An idiosyncrasy in the Colorado constitution will result in a one-day suspension of state sales tax on recreational marijuana. No sales tax will be added to cannabis purchases made on September 16, the final day of the end-of-year state fiscal report.
The provision exists as a piece of a larger bill signed into law on June 4 by Gov. John Hickenlooper. The new law permanently reduces the sales tax included in each recreational marijuana purchase. .
The recreational marijuana sales tax rate will lower from the current 10 percent to 8 percent beginning in July 2017. Hickenlooper says this change is being made in hopes of hurting the sales still happening illegally:
“We still have a black market, and we want to moderate our taxes to make sure that the risk of someone selling illegally. … We want to eliminate that. And one way is to make sure there is not as large a price differential.”
(Colorado Governor, John Hickenlooper)
The one-day repeal reflects the aims and philosophy of Colorado’s Taxpayer’s Bill of Rights. TABOR is a conservative-backed measure designed to ensure that voters approve all new taxes based on projections of collections and state spending.
Officials say the one-day elimination of sales tax will serve to meet constitutional requirements and allow for the current rate to be reinstated immediately thereafter. Although marijuana sales tax revenue has actually fallen below estimates, an uptick in the economy has increased state spending, causing the TABOR provision to kick in.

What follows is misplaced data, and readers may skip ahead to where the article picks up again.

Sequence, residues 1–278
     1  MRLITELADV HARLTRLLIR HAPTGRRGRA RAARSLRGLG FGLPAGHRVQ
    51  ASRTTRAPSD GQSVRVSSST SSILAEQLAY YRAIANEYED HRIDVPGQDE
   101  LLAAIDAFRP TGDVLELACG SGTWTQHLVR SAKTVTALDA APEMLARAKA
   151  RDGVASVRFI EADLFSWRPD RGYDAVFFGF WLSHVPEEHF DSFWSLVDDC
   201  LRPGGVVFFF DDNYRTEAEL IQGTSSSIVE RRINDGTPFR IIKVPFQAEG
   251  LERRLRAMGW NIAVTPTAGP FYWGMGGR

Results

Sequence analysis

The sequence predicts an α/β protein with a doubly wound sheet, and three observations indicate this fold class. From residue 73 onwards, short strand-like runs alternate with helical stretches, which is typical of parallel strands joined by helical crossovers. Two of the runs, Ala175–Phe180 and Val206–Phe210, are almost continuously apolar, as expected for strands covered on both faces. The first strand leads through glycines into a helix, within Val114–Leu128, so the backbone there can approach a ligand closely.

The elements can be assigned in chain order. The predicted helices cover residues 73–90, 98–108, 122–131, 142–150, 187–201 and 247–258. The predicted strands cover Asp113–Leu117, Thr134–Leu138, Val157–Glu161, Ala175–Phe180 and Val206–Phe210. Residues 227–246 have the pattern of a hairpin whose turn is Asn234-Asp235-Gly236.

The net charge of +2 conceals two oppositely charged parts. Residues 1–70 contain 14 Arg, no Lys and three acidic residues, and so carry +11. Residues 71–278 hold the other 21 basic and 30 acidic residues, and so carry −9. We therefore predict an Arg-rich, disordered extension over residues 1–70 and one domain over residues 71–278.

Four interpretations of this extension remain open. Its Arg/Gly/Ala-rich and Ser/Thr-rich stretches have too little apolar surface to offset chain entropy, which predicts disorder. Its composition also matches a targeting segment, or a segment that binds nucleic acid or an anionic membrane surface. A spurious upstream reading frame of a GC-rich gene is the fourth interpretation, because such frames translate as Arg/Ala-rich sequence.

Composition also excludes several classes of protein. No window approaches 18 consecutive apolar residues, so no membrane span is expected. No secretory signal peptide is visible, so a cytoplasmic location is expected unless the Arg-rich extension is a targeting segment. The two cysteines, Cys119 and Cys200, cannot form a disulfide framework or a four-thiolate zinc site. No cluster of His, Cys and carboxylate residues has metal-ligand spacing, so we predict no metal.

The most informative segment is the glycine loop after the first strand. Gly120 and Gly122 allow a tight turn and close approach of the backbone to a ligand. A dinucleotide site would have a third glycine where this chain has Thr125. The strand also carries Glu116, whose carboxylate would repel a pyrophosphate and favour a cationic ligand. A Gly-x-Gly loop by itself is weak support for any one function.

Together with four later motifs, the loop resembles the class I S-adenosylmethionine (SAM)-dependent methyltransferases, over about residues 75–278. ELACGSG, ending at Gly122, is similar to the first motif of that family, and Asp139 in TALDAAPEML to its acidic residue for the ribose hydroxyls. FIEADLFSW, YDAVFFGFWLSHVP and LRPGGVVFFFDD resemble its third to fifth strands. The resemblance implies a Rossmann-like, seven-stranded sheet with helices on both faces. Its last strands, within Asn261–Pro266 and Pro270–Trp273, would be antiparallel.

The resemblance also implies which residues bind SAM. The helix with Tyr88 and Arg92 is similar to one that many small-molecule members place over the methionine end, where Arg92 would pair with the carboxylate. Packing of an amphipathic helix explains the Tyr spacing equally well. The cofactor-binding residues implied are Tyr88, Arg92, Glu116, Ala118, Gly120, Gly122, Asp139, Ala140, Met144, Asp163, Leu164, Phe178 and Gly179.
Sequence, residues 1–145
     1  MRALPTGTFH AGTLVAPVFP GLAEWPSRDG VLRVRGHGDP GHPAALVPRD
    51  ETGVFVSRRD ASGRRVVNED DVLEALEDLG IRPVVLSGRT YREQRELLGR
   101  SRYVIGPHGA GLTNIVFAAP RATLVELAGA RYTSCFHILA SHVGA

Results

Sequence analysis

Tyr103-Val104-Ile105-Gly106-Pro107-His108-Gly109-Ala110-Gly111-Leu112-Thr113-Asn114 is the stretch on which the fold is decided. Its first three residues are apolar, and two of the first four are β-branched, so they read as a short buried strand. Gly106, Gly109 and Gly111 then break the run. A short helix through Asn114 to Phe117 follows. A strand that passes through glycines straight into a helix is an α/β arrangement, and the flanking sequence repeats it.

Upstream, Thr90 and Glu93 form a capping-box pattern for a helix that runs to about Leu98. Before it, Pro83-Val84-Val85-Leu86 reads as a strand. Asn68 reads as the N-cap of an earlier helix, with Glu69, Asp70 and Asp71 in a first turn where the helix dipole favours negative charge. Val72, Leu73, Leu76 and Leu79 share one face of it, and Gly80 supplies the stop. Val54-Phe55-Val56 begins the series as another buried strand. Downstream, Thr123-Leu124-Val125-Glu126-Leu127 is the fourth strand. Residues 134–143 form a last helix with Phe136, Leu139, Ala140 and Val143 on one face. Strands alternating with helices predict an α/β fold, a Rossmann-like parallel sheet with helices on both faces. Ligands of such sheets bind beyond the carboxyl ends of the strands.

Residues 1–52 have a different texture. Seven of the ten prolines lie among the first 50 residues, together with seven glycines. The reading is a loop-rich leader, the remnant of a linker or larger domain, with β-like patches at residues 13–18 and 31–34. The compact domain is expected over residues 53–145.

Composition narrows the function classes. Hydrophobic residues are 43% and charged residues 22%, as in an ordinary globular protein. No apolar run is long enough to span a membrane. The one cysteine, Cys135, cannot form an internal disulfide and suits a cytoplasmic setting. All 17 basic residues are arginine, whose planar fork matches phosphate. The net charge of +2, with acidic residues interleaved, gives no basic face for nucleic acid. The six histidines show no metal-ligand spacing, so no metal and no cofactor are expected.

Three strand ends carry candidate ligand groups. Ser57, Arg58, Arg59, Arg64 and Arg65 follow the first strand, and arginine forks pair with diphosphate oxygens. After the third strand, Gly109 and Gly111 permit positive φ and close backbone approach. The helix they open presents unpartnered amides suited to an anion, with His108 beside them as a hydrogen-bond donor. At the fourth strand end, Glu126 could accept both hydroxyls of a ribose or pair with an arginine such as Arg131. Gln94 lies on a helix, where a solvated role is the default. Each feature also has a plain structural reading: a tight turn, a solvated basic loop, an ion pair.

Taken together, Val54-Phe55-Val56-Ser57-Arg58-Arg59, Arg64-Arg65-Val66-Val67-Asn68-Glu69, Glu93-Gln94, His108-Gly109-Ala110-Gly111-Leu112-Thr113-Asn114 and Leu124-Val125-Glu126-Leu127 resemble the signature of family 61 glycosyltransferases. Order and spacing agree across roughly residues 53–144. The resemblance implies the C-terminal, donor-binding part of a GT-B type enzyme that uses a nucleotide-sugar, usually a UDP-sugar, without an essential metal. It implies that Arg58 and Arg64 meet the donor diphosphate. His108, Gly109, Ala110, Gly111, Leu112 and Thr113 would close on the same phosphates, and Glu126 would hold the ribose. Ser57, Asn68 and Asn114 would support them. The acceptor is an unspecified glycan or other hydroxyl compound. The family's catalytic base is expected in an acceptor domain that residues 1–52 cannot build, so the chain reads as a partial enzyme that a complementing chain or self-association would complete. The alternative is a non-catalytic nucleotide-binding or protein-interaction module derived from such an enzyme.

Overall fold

Sen. Pat Steadman, D-Denver, who wrote House Bill 1367, promised:
“This is only a first-year problem. We’ll never have this problem again.”
Colorado anticipates losing approximately $100,000 in revenue from the rollback. That number is dwarfed by the estimated loss of state income from a single-day suspension of the 15 percent excise tax on cannabis sales from growers to retailers, projected to be $3.6 million.
It is all part of the process by which Colorado is learning to chart its fiscal future now that the legalization of recreational marijuana is a reality.
The upcoming ballot measure, which is not expected to draw public interest in the way legalization did, will ask the voters to make a choice regarding the projected $58 million in marijuana revenue. If voters decide to allow the state to keep the money, around $40 million will be applied toward school construction. The rest would funnel to youth mentoring programs, agriculture, and drug treatment. If the voters veto the measure, approximately $33 million of the revenue would go to cultivators and the buying public as a part of tax breaks on sales and production. A sales tax refund of the remaining $25 million would then be distributed to all taxpayers.
Unlike the initial ballot measures that legalized marijuana in Colorado, this November’s referendum isn’t expected to generate much attention. The governor said he would spread the word as he travels the state for town hall forums this fall and will rely on state lawmakers to help push the message.
photo credit: Washtimes